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Connie Goldman

Compass

June 6 — July 13, 2019

Artist Reception: Thursday, June 6 (5-7:30 PM)

Connie Goldman

Compass I, 2018
Oil on panel
39 x 39 x 3 in.

Connie Goldman

Compass I (side view), 2018
Oil on panel
39 x 39 x 3 in.

Connie Goldman

Compass II, 2018
Oil on panel
32 x 32 x 2 in.

Connie Goldman

Compass II (side view), 2018
Oil on panel
32 x 32 x 2 in.

Connie Goldman

Compass III, 2018
Oil on panel
32 x 32 x 2 in.

Connie Goldman

Compass III (side view), 2018
Oil on panel
32 x 32 x 2 in.

Connie Goldman

Compass IV, 2018
Oil on panel
32 x 32 x 2 in.

Connie Goldman

Compass IV (side view), 2018
Oil on panel
32 x 32 x 2 in.

Connie Goldman

Compass VII, 2019
Oil on panel
24 x 24 x 2 in.

Connie Goldman

Compass VII (side view), 2019
Oil on panel
24 x 24 x 2 in.

Connie Goldman

Compass VIII, 2019
Oil on panel
16 x 16 x 3 in.

Connie Goldman

Compass VIII (side view), 2019
Oil on panel
16 x 16 x 3 in.

Connie Goldman

Compass X, 2019
Oil on panel
12 x 12 x 2.5 in.

Connie Goldman

Compass X (side view), 2019
Oil on panel
12 x 12 x 2.5 in.

Connie Goldman

Compass XI, 2019
Oil on panel
24 x 24 x 2.5 in.

Connie Goldman

Compass XI (side view), 2019
Oil on panel
24 x 24 x 2.5 in.

Connie Goldman

Compass XII, 2019
Oil on panel
12 x 12 x 2.5

Connie Goldman

Compass XII (side view), 2019
Oil on panel
12 x 12 x 2.5

Connie Goldman

Genea I, 2016
Oil on panel
24 x 36 x 2 in.

Connie Goldman

Genea I (side view), 2016
Oil on panel
24 x 36 x 2 in.

Connie Goldman

Exhibition view

Tom goldman

Exhibition view

Tom goldman

Exhibition view

Tom goldman

Exhibition view

Tom goldman

Exhibition view

Tom goldman

Exhibition view

Tom goldman

Exhibition view

Tom goldman

Exhibition view

Gregory Lind Gallery is proud to present Connie Goldman’s Compass, a series of oil-on-panel paintings that uncover themes of interconnectedness, origin, harmony, chaos, and our tenuous place in the universe. Goldman has a distinctively reductivist formal vocabulary; she works with a minimalistic palette and clearly defined forms that maintain idiosyncratic angled relationships to the canvases themselves. These are works that embody an intellectual and emotional response to the world and reflect an engagement with music, architecture, linguistics, and science—mirroring both basic and complex natural phenomena and the tension and interplay between stasis and flux, constancy and change.

Despite their starkness and minimalism, Goldman’s paintings have a soothing and contemplative impact. The perceptual shift offered by these works verges on metaphysical insight and a transcendent awareness of space and form.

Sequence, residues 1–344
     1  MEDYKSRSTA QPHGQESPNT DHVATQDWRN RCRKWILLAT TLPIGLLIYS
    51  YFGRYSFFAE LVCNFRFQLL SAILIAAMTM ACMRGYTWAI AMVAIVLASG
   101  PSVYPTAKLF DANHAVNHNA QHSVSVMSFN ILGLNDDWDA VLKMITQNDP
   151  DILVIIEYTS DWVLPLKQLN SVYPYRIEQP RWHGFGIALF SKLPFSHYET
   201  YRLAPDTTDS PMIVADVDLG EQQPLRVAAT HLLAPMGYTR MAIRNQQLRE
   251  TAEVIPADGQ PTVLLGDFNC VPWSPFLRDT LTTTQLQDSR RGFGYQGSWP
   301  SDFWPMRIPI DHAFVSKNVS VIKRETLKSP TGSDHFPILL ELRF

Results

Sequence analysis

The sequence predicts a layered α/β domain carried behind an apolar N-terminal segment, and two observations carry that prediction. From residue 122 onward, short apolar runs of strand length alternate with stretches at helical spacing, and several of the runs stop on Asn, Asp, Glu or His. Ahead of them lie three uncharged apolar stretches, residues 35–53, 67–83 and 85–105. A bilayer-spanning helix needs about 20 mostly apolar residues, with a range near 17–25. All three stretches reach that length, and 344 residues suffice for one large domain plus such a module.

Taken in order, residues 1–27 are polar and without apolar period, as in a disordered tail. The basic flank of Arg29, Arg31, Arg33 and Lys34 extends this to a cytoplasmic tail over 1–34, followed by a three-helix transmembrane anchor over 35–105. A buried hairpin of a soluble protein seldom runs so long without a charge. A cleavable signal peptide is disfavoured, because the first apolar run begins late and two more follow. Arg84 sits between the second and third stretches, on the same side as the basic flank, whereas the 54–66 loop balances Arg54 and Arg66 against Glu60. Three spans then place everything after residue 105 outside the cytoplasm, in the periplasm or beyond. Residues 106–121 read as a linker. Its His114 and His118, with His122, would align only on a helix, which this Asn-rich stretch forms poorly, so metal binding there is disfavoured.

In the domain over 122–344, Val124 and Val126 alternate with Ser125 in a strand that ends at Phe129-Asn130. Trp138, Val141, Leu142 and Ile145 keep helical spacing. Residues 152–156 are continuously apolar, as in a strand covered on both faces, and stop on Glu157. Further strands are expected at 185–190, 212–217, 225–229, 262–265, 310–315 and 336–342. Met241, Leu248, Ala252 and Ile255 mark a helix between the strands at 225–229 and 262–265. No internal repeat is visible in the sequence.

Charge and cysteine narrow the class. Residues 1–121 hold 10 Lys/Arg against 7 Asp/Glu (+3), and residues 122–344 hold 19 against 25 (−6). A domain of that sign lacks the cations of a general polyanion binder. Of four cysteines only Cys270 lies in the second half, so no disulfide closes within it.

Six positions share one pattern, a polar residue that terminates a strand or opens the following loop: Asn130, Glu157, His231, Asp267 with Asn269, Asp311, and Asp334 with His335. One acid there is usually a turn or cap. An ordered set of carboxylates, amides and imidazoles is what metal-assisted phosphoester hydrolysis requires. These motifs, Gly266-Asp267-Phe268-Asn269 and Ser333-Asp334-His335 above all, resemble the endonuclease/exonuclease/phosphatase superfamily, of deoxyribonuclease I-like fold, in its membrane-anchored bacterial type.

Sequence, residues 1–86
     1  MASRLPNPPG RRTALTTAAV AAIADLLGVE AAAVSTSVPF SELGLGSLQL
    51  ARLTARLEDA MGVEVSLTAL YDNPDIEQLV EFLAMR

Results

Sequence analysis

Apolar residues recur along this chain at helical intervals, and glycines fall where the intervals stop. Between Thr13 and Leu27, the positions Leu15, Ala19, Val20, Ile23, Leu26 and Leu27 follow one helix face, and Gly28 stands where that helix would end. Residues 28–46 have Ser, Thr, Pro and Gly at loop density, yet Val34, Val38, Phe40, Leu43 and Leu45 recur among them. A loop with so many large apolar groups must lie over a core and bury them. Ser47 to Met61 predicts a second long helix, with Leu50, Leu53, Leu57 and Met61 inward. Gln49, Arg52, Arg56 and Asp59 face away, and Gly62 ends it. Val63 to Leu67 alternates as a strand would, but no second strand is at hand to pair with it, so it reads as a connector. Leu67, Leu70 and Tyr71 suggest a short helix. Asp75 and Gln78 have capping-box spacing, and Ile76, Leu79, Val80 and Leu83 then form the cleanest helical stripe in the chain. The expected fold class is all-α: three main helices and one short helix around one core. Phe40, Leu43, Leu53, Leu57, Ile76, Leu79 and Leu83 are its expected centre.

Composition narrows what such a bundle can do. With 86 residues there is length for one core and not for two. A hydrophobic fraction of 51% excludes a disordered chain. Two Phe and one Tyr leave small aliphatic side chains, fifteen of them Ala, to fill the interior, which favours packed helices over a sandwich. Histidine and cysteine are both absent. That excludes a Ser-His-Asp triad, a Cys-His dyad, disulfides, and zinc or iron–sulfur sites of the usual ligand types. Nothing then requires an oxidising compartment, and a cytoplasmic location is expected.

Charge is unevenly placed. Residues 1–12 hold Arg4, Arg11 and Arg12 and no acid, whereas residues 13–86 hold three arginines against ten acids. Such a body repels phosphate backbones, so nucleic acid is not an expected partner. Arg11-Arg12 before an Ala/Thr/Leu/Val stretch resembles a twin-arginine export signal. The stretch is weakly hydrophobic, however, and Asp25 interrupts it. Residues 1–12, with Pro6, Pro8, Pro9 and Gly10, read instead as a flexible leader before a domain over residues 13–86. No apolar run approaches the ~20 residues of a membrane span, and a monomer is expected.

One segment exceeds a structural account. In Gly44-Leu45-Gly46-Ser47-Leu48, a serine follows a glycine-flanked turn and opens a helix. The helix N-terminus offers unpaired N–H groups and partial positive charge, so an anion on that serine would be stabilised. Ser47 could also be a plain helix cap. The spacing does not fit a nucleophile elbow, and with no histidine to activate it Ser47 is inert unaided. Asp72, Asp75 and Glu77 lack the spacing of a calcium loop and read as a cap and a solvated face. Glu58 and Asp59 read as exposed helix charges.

Among her inspirations for this series, Goldman has mentioned the humbling concept of time and the reminder that “our human minds are limited in our ability to not only grasp but also to acknowledge the limits of our bodies and perceptions.”

The guiding concept of the compass for this body of work emerged from its connection to boundaries and peripheries—constructs imposed by humans to help us feel situated and safe in a universe that is beyond our comprehension in terms of size, time, and scope.

During Goldman’s creative process, she considered the impulses behind the creation of human-made ordering devices such as constellations, maps, and timelines including family histories and heredity. While the works point to the human need to order the chaos of our existence into navigable schemes, they are also steeped in the omnipresent threat of an impending loss of balance. Each piece reflects how tenuous equilibrium and “certainty” actually are. Goldman’s oeuvre is a commentary on the obsessive human need to know and order the universe. “It mirrors the dis-ease of mortality,” she has said. “And it makes concrete our present, past, and future connections to our origins.”

Connie Goldman was born in El Paso, Texas. She holds an MFA in painting and drawing from the San Francisco Art Institute and a BA in psychology from the University of Texas at Austin. Goldman taught at San Francisco State University, San Francisco Art Institute, California College of the Arts, and at Santa Rosa Junior College for the better part of two decades. She has exhibited nationally and internationally, and has work in public and private collections, including the Berkeley Art Museum and Pacific Film Archive, the Crocker Art Museum, the Laguna Beach Art Museum, the El Paso Museum of Art. Goldman lives and works in Petaluma, CA.